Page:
Berlusconi Bye Bye?

Is this really the final end of the Berlusconi era, or just another pause for the Cavaliere to catch his breath?

Will he return on a fresh horse as the savior of an ever-crumbling Italy, as he has done repeatedly for the past 20 years? Will my Italian friends finally be able to travel abroad without a miasma of shame, and not be forced to explain to all what a bunga bunga orgy means? Will the numerous foreigners living and working in Italy, legal, clandestine, and semiclandestine, be able to face their children and say: we did the right thing to come here? Will they say: a new day dawns on the peninsula, the specter of crisis, gloom and crime has finally lifted! Work hard for your future!

These are open questions, and frightening questions today in Italy after yesterday's dramatic countdown, and Berlusconi's declaration that he will step down only after passing an emergency law on the Italian economic crisis. United Europe and its presses have closely followed the saga of the decadent emperor. They know that it was global economics and not his domestic scandals that pried the scepter from his hands.

Italians are wondering : whatever next? How badly off is the Italian political culture, which after all is to be blamed for many times that Berlusconi has managed to take and hold power? Where was the legitimate opposition, why were the counter-forces so weak? After the fall of Milosevic in Serbia, the deeply corrupted and dysfunctional state system was hard put to maintain any pretense of a normal government. Can Italy recover, and behave like a major G-7 power again? How is that possible?

Berlusconi was not a genocidal warmonger like Milosevic, but he inflicted years of steady ruination on Italian culture, health, education, research and reputation, not to mention state finance. Whoever comes in power after him will have to either clean cut with the past, or slowly purge the present. Either that, or just accelerate the collapse and scramble for the spoils, as Milosevic did.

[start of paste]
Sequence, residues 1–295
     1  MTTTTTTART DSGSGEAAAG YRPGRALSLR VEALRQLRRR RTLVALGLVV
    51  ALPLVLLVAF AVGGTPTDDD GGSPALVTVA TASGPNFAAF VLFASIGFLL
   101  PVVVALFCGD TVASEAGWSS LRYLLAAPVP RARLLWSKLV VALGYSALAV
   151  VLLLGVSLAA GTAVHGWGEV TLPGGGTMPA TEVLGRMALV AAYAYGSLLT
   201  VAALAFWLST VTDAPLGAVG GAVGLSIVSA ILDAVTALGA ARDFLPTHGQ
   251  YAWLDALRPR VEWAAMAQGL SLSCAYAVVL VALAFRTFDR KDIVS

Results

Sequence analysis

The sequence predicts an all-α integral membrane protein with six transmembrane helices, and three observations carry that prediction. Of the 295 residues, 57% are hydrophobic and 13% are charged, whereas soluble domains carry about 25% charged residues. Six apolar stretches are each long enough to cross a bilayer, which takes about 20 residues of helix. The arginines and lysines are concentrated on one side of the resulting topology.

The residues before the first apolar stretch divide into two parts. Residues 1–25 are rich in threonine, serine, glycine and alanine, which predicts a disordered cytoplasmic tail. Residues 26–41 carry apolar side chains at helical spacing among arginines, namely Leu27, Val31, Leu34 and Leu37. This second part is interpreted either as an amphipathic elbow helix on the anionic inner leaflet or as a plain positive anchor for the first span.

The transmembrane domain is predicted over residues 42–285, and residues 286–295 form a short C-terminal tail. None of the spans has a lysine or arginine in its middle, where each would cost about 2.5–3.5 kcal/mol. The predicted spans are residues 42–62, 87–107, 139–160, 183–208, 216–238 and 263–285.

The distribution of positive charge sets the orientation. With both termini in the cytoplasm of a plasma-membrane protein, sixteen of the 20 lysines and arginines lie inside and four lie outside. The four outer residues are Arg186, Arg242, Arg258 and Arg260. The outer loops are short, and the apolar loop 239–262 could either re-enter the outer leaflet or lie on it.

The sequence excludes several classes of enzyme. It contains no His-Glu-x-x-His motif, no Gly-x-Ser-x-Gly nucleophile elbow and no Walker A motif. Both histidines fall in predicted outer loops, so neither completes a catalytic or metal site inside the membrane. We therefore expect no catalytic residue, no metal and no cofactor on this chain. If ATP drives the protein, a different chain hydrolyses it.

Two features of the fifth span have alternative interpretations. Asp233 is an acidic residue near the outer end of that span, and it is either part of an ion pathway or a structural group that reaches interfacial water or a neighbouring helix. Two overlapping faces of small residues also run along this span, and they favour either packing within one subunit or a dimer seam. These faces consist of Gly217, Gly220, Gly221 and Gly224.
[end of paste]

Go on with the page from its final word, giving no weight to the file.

What new, fresh faces may emerge from an Italy in moral and financial crisis? Young people without jobs, homes and children, a nation without funds or diplomatic credibility, a health care system without doctors and technology, brilliant students without no prospective but to flee elsewhere for careers, foreigners fighting for their basic human rights, women claiming back their long-fought victories of freedom and dignity.

Berlusconi was refused power by his own majority in the parliament. He loses little by resigning from a state so dysfunctional. Fear is in the air that he will create new elections, pose once again as the last-hope knight on horseback, and win over voters much as he did before. The Dignity people in Italy, together with Se non ora quando women's movement, anticipate a lot of activism and square action.

Berlusconi and the Italian power-structure seem to have an addictive relationship. Even mutual ruin cannot free them from one another. Sometimes I think that professional parties and politicians should be banned, to give anonymous alternative networks some chance to grow from scratch.

Italian stock markets are crumbling. Twitter messengers are raving. The daily press updates their websites by the hour. Italian TV comedians and stars are improvising political buffoonery like commedia dell'arte. Floods and rains are still drenching Italy, and even Pompeii, that victim of an ancient volcano, is a scene of the modern deluge.